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Assemblywoman Lori Saldaña e-mailed me her thoughts about the race to replace City Council President Ben Hueso in District 8 next year, when Hueso is expected to run for state Assembly. Here’s Saldaña’s e-mail:

I met with Ben Hueso in Sacramento a few weeks ago, and he told me then he was running for the 79th Assembly seat.

First, I have not endorsed him or anyone else for Assembly yet- I don’t believe in early endorsements, which sometimes discourage very well qualified people to come forward and become candidates.

Second, I encouraged Ben to find and mentor a well qualified woman from District 8 to run to replace him.

Why? Because NEVER, in the entire history of the city of San Diego, has a woman of color been elected to city council. Never. No Latina, African American woman, Asian American, etc. (One woman, Celia Ballesteros, was appointed to [District 8] many years ago, but only after she promised she would not run for the seat.)

The same is true of the County Supervisors. We have NEVER had a woman of color elected to the Board, in the County’s history.

For the nation’s 7th largest city, and one of its largest most diverse counties, I find this a terrible situation. There are more women than men in this nation, yet we make up a minority of elected officials at every level.

As Chair of the Legislative Women’s Caucus, the largest in the legislature with 33 out of 120 members, I see women of ever color serving ably in Sacramento. As Chair, one of my tasks is to actively encourage qualified women from non-traditional backgrounds to run for office around the state, to ensure a healthy and broad debate on the issues.

It’s time for the same diversity in San Diego.

I believe increasing diversity in representation is essential for informed decision making that reflects the different experiences of people throughout our region. Diverse leaders also serve to inspire the next generation, and show them that leadership can be developed from many walks of life.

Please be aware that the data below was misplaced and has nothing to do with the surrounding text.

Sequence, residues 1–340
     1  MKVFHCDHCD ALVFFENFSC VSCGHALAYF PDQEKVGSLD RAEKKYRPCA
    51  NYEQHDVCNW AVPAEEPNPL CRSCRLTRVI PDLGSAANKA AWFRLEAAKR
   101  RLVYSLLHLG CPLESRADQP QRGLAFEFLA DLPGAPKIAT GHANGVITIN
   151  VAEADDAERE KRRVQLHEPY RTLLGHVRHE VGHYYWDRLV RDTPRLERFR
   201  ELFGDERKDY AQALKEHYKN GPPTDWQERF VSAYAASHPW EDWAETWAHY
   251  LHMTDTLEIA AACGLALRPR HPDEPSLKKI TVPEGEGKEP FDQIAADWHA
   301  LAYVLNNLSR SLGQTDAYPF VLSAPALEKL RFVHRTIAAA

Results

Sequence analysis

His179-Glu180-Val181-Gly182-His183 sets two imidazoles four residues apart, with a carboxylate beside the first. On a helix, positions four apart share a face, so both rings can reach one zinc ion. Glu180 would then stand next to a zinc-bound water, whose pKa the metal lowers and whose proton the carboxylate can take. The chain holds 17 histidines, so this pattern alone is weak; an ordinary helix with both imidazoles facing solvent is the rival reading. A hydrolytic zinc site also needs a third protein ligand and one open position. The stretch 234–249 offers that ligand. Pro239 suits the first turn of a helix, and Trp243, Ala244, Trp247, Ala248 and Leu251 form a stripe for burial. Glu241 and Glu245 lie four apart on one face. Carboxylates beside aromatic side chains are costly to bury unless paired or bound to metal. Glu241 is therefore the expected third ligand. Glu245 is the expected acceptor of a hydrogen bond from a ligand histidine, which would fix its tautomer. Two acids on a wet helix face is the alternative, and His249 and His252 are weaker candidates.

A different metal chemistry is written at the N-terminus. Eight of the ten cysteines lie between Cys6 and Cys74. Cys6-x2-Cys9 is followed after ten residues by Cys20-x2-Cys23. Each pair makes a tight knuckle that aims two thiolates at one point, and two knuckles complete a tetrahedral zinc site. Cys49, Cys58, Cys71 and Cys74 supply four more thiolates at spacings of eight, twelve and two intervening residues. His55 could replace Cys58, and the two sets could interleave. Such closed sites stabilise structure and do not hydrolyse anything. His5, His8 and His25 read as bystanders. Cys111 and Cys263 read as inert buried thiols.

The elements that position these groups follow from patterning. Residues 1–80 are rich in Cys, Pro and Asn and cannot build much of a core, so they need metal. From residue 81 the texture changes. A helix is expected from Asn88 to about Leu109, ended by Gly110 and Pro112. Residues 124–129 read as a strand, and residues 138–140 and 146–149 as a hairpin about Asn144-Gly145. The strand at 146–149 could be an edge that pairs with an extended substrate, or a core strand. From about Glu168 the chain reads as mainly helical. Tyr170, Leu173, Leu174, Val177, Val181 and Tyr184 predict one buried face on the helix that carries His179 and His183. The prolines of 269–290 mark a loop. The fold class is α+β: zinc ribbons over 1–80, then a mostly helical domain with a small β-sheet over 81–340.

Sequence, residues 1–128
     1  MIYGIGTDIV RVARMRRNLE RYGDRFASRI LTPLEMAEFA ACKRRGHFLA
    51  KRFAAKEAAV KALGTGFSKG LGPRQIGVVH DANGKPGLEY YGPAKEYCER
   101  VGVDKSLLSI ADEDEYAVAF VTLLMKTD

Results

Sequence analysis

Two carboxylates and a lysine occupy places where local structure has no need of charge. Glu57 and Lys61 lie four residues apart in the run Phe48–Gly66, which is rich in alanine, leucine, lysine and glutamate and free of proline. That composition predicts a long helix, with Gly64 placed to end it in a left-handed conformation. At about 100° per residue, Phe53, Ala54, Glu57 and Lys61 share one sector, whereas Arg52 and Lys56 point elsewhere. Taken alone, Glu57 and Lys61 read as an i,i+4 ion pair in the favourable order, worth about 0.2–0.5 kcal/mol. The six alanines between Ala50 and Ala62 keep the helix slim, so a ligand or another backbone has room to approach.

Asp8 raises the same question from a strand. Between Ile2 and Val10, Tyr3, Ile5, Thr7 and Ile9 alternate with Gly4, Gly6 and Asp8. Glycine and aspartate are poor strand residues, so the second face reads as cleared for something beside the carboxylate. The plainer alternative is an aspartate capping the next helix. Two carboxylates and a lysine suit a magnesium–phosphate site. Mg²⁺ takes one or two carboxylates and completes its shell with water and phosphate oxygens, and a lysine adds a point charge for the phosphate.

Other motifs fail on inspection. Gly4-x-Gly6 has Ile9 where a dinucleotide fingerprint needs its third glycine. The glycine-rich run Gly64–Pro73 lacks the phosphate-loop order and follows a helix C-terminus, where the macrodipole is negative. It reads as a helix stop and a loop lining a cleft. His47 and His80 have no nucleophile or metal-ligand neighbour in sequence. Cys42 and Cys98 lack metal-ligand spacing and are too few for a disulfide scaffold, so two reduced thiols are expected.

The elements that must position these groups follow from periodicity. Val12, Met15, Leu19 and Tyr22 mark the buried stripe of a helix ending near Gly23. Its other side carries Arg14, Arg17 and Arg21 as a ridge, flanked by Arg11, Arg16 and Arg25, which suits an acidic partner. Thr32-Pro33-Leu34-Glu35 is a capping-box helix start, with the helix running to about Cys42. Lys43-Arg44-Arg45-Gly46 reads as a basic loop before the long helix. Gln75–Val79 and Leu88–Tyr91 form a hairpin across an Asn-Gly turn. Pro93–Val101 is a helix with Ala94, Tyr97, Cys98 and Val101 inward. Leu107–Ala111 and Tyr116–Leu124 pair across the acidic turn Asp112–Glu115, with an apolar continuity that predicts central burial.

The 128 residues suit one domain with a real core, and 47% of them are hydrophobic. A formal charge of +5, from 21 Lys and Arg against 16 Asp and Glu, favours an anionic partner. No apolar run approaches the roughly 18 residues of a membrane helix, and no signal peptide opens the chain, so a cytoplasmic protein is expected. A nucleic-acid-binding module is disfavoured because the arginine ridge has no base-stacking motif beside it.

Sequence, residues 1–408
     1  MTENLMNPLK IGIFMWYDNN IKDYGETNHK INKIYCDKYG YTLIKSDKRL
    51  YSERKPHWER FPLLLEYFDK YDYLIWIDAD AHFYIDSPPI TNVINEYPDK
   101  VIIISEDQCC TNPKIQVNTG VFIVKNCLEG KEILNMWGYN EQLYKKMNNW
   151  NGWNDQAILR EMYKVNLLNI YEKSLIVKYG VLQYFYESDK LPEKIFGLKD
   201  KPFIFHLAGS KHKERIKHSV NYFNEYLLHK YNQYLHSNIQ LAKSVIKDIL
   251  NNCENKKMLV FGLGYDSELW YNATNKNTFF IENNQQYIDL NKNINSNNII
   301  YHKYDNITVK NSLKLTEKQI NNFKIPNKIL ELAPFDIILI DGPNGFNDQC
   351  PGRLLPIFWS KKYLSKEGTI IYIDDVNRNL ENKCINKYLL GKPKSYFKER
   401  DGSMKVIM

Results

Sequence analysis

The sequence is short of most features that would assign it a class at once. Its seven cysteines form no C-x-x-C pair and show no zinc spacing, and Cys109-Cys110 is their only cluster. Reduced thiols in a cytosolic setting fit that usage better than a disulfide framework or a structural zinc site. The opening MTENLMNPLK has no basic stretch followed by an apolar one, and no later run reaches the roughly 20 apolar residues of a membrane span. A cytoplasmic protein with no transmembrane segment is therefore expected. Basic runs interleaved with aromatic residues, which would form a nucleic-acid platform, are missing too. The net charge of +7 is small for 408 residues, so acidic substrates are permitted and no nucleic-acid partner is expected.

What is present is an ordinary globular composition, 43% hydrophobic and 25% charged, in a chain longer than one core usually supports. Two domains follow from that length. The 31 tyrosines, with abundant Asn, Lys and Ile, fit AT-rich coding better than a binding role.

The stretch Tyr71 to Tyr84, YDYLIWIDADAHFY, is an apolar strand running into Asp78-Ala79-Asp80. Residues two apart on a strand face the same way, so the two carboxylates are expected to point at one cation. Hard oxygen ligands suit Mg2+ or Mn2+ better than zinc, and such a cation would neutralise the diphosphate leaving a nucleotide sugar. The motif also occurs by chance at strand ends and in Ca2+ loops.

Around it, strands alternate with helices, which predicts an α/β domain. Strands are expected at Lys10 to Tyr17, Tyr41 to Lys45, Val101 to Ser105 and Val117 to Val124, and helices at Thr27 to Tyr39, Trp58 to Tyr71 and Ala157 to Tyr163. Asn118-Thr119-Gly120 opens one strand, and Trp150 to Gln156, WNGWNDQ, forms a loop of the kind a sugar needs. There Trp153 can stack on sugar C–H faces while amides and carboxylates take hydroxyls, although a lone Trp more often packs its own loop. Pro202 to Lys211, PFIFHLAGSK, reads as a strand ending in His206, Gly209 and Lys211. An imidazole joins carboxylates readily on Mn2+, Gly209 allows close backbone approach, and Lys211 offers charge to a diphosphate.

When I spoke with Saldaña today, she said she didn’t have anyone particular in mind for Hueso’s seat, just that women with untraditional backgrounds — such as educators or heads of social service agencies — should be encouraged to run.

When she brought up the idea with Hueso, Saldaña said Hueso mentioned there was “a woman on his staff who was interested in running and that she decided not to.” Saldaña said a system where people in office choose who replaces them means that ideas remain static, adding that she couldn’t imagine giving such a response for her replacement.

“There are 450,000 people in my district,” Saldaña said. “I think there’s a lot better choices than just looking across the desk.”

The assemblywoman, a Democrat who is termed out of office next year, didn’t know which staffer Hueso was referring to. Senior policy analyst Raquel Marquez-Maden has been mentioned as potential candidate, but his chief of staff, Ana Molina-Rodriguez, might also fit the reference.

Saldaña said a minority city councilwoman might have done more to preserve affordable housing in San Diego, noting the example of lower-priced rentals lost when apartment buildings were converted to condominiums during the housing boom.

“Affordable housing is very much a women and family issue,” Saldaña said. “This City Council has failed miserably in my eyes to protect affordable housing in the city.”

RANI GUPTA

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